MHRN Blog

Is it too soon to move the tomato plants outside?

15 April 2019 09:42 AM   •   Greg Simon   •   0 comments

It’s the time of year when backyard gardeners start to think about transplanting tomato seedlings from that tray in the sunny part of the kitchen to the real garden outside. Moving outdoors too soon is risky. Those of us who develop mental health interventions often keep them indoors too long. When I look back on the history of Collaborative Care for depression, I think we waited too long before moving that intervention to the outdoor garden.

Isn’t prediction about the future?

18 March 2019 12:07 PM   •   Greg Simon   •   1 comment

This post will be a nerdy one. I want to split some hairs about use of the word “predict”. But I think they are hairs worth splitting.

Friction won’t stop us anymore!

12 February 2019 11:05 AM   •   Greg Simon   •   0 comments

Seattle had one of its rare snowy days last week. Seeing cars slide sideways down our hills reminded me that friction is sometimes our friend.

Have we become Helicopter Researchers?

10 January 2019 08:29 AM   •   Greg Simon   •   2 comments

“Helicopter Parents” is the derisive term for those over-protective parents who won’t let their children experience any failure – or even any actual challenge. I think, however, that the helicopter critique does apply to the way we researchers often over-protect our theories. Loving our theories too much, we protect them too vigorously from empirical challenge.

Return of the Repressed

10 December 2018 08:03 AM   •   Greg Simon   •   2 comments

Last month I moved to a temporary office to make way for painting and installing new carpet. Being forced to pack up every book and file folder was actually a good thing. I recycled books I hadn’t opened in 15 years. Tidying up did feel good, but my purging frenzy paused when I came to this stack of books from my residency days.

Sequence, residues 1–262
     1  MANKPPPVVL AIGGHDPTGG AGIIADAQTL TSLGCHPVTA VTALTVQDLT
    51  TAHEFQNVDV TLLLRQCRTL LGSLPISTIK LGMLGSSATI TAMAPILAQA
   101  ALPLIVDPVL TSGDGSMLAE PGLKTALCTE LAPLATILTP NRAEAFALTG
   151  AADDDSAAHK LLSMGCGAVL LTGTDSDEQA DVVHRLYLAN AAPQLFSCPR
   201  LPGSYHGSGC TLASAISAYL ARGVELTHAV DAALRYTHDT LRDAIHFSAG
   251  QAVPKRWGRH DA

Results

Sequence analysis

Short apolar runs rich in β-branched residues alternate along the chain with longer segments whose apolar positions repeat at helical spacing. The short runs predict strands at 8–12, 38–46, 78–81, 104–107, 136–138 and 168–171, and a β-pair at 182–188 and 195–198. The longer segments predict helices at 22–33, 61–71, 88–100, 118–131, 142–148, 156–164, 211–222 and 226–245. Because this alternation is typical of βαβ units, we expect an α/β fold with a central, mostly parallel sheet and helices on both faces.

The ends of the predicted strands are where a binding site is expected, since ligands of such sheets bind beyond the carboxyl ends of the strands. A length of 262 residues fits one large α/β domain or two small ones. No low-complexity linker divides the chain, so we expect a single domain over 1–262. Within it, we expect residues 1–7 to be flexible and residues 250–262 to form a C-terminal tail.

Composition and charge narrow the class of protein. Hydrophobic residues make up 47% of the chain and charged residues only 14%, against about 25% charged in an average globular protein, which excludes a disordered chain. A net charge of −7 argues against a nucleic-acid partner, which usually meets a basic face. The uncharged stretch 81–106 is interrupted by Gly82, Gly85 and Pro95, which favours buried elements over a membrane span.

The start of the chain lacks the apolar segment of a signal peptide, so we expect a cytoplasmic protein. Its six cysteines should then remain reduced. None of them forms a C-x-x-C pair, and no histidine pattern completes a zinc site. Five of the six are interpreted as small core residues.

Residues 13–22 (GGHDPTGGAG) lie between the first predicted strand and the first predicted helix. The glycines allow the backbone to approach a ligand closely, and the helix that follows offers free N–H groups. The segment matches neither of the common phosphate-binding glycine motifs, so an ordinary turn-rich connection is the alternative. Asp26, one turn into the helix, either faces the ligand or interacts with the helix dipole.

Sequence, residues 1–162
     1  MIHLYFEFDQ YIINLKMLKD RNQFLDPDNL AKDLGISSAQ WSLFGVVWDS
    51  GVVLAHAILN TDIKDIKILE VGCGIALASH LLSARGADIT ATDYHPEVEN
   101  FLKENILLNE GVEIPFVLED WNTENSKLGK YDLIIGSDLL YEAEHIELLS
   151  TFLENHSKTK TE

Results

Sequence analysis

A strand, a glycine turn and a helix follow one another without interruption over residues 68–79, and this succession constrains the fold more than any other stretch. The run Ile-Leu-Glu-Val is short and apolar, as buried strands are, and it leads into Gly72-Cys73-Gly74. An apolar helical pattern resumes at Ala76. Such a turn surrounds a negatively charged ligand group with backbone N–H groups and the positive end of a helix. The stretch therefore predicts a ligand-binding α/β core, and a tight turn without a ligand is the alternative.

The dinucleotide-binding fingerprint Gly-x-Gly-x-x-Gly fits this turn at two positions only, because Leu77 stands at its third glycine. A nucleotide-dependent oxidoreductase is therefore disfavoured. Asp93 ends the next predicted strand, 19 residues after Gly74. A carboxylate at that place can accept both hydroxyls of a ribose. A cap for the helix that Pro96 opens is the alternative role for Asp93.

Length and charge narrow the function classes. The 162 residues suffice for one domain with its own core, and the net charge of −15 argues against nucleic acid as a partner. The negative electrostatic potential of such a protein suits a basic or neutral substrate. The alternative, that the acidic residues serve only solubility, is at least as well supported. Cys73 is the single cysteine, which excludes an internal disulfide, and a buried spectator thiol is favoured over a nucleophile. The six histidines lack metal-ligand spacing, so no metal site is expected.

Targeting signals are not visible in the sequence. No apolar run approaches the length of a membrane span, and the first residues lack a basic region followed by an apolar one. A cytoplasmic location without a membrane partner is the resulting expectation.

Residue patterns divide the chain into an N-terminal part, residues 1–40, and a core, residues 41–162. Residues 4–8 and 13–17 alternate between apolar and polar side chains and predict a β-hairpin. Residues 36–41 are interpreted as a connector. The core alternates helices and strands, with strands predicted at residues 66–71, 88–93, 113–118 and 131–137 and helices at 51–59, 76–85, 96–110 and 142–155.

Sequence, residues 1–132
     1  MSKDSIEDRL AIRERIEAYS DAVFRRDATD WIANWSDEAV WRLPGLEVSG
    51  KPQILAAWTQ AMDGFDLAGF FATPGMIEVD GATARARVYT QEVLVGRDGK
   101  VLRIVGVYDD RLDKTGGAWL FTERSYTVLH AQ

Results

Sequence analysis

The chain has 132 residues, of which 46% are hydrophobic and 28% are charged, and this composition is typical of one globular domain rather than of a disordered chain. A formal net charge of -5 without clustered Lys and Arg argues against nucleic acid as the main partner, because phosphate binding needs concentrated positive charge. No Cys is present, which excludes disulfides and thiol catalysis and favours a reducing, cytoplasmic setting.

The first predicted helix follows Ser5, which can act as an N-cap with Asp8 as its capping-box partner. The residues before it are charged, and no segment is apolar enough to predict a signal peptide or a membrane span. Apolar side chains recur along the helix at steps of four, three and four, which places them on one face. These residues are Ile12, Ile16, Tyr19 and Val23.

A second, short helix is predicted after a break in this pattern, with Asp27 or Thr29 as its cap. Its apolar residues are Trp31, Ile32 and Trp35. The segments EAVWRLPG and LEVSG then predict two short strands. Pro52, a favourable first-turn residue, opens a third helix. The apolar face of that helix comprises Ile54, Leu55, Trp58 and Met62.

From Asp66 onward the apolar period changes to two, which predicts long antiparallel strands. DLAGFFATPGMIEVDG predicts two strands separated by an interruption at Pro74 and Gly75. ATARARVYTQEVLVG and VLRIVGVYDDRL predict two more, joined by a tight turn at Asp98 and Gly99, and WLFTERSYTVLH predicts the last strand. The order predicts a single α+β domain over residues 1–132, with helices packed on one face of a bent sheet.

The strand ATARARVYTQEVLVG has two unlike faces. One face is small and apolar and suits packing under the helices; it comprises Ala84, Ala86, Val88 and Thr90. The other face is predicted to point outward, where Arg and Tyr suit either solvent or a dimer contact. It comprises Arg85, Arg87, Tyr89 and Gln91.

Machine learning and Clever Hans, the Calculating Horse

5 November 2018 10:01 AM   •   Greg Simon   •   1 comment

Clever Hans, the Calculating Horse, was a sensation of the early 1900s. He appeared to be able to count, spell, and solve math problems – including fractions! Only after careful investigation did everyone learn that Hans was just responding to unconscious nonverbal cues from his trainer. Hans couldn’t actually calculate, but he could sense the answer his trainer was hoping for.

Gold Standard or Golden Calf?

8 October 2018 07:32 AM   •   Greg Simon   •   0 comments

Most of our measures and measurement tools were created in conference rooms or conference calls dominated by older white men. Over time, those “expert opinion” measures acquire a patina of authority. As time passes, we can start to equate familiarity or habit with accuracy or validity. Our experiences with NCQA/HEDIS measures regarding antidepressant medication adherence illustrate the tendency to over-value the familiar.

What's so funny about dimensionality reduction?

17 September 2018 09:50 AM   •   Greg Simon   •   0 comments

My wife handed me a recent issue of The New Yorker and recommended the Shouts and Murmurs column. It parodied a whistle-blowing data scientist testifying before Parliament. At first read, I didn’t think it was very funny. Then I realized: If you don’t think Shouts and Murmurs is very funny, then it’s probably about you.

Can you see me now?

20 August 2018 08:24 AM   •   Greg Simon   •   1 comment

As our health systems prepare to implement statistical models predicting risk of suicidal behavior, we’ve certainly heard concerns about how that information could be misused. Well-intentioned outreach programs could stray into being intrusive or even coercive. It’s being observed or known that’s the problem, even if nothing is ever said or done about it.

MHRN Blog World Cup Edition: What Soccer Referees Know about Causal Inference

27 June 2018 08:41 AM   •   Greg Simon   •   2 comments

When Nico Lodeiro falls down in the penalty area, I hold my breath waiting for the referee's call. Was it really a foul - or just Nico simulating a foul? I used to be surprised at how often the refs got it right, until a referee friend of mine explained what the refs are looking for.